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The Role of Alpha Lipoic Acid and Tempol Against Liver Injury after Acetaminophen Subacute Exposure in Mice

The Role of Alpha Lipoic Acid and Tempol Against Liver Injury after Acetaminophen Subacute Exposure in Mice

Suhad Mohmmed Alrobyrai1 , Falah Muosa Al-Rekabi2*

1College of Veterinary Medicine, Iraq; 2University of Baghdad College of Veterinary Medicine Department of Physiology, Biochemistry and Pharmacology, Iraq.
 
*Correspondence | Falah Muosa Al-Rekabi, University of Baghdad College of Veterinary Medicine Department of Physiology, Biochemistry and Pharmacology, Iraq; Email: falah@covm.uobaghdad.edu.iq

ABSTRACT

Acetaminophen (APAP) is a widely used analgesic and antipyretic drug, but it can cause liver damage when taken in high doses or for prolonged periods. Alpha Lipoic Acid (ALA) and Tempol are two antioxidants that have been shown to protect against various forms of oxidative stress and inflammation. This study explored the hepatoprotective effects of Alpha Lipoic Acid (ALA) and Tempol against subacutely repeated acetaminophen (APAP) exposure in a murine model. Fifty male Balb-c mice were divided into five groups. Groups received 700 mg/kg.BW of APAP and oral treatments: G1 (distilled water, negative control), G2 (no treatment, positive control), G3 (Par+Tempol, 20 mg/kg.BW), G4 (Par+ALA, 20 mg/kg.BW), G5 (Par+Tempol+ALA, 10 mg/kg.BW each). Half animals were sacrificed after 30 days, the rest after one week of treatment withdrawal. Investigation included body weight, biochemical markers (ALT, GGT, PT, INR), and liver histopathology. After 30 days, G5 showed a significant (P ≤ 0.05) increase in body weight (29.2±1.32) compared to the positive control (20.8±1.2). After withdrawal, G5 displayed a significant (P ≤ 0.05) increase in body weight(31.4±1.17) compared to all other experimental groups G1(29.2±0.37),G2(25.8±2.4), G3(25.0±1.38) and G4(27.2±1.02). Positive control (117 ± 42.9) had significantly (P ≤ 0.05) increased ALT after 30 days, but all experimental groups G1(6.10 ± 1.81), G3(6.96 ± 3.33), G4(10.4 ± 5.56)and G5(7.62 ± 2.34) showed decreased ALT after withdrawal in comparison with positive control(16.1 ± 6.8). GGT levels were significantly increased in G4(2.05 ± 1.14) after 30 days, while G5(1.92 ± 0.97) showed a significant (P ≤ 0.05) decrease after withdrawal. PT increased significantly (P ≤ 0.05) in G4(2.05 ± 1.14) after 30 days but decreased in G3(5.01 ± 1.02), G4(3.85 ± 1.46), and G5(3.85 ± 1.46) after withdrawal. INR significantly increased in G4(16.6 ± 0.39) after 30 days but decreased in G3(13.1 ± 0.72), G4(3.96 ± 0.04), and G5(14.6 ± 0.66) after withdrawal. Liver sections displayed necrotic hepatocytes in G3 after 30 days, and G4 showed normal features. G5 exhibited normal hepatocytes after 30 days, with mild cellular swelling after withdrawal. These findings suggest the potential of ALA and Tempol in mitigating APAP-induced subacute toxicity, indicating a promising therapeutic avenue. However, further research is essential to elucidate the precise mechanisms, and caution is warranted in interpreting these preliminary results. The clinical implications could revolutionize APAP-induced toxicity management, emphasizing the need for continued research in this area.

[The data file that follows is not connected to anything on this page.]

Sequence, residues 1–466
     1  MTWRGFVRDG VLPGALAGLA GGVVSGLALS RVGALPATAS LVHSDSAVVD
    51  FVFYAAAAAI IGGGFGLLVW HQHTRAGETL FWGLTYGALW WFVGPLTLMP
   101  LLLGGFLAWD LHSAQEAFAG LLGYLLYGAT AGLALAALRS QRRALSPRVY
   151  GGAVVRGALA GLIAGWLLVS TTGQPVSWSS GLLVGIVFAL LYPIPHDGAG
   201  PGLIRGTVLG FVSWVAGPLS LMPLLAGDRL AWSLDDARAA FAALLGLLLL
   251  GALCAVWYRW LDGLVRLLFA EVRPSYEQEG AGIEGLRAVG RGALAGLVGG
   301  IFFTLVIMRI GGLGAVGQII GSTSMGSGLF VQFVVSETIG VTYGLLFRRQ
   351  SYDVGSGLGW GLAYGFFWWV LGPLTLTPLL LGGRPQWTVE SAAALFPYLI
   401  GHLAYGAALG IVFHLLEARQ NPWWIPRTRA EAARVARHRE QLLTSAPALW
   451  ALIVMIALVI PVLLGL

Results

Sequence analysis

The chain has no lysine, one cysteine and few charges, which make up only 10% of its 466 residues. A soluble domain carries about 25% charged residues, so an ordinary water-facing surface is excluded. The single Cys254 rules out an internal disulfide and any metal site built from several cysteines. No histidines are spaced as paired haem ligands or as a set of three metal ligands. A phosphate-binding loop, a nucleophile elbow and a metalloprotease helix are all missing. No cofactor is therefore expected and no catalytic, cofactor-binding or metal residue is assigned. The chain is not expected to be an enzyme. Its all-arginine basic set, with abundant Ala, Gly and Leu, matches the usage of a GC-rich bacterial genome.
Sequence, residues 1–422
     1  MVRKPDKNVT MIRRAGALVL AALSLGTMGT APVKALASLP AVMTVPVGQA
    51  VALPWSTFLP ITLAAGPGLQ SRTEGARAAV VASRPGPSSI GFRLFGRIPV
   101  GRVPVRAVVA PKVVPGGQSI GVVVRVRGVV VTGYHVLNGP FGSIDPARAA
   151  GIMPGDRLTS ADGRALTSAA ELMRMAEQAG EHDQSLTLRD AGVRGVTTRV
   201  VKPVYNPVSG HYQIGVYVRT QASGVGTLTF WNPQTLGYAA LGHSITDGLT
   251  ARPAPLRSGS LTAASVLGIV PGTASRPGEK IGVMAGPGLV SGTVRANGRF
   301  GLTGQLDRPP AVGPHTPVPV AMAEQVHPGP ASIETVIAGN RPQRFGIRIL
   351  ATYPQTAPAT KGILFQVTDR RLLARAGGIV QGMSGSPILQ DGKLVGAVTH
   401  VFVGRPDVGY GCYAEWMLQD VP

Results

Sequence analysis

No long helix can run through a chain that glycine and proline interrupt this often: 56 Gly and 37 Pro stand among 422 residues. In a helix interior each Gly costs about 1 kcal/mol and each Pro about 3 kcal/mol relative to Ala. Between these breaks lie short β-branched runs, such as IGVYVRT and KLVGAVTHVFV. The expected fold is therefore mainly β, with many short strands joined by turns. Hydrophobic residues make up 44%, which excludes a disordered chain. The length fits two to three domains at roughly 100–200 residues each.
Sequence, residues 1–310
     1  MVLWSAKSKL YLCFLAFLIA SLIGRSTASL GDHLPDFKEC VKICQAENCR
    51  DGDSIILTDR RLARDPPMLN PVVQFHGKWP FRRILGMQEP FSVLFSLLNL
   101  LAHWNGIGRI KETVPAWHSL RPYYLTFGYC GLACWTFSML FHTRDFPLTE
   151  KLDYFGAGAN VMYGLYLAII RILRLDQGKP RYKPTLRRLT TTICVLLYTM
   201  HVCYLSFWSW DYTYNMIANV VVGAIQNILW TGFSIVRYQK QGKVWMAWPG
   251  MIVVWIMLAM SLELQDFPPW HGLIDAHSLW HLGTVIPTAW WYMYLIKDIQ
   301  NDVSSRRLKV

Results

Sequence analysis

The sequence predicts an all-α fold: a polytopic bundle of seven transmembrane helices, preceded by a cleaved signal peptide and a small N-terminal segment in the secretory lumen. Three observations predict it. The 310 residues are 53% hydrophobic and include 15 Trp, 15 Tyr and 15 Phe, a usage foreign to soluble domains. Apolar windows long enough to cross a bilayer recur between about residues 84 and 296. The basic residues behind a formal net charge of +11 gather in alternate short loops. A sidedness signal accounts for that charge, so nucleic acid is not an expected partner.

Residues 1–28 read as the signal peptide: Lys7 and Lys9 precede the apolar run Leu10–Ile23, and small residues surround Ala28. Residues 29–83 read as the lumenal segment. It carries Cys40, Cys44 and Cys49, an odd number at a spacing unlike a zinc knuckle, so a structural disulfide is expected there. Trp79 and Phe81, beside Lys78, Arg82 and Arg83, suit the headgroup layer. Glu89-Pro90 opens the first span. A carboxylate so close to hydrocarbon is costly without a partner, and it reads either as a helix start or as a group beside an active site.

Keywords | Subacute toxicity, Acetaminophen, Mice, Tempol, Alpha Lipoic acid, Liver Injury, Analgesic, Biochemical marker, Hepatio protective

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Advances in Animal and Veterinary Sciences

June

Vol. 12, Iss. 6, pp. 994-1205

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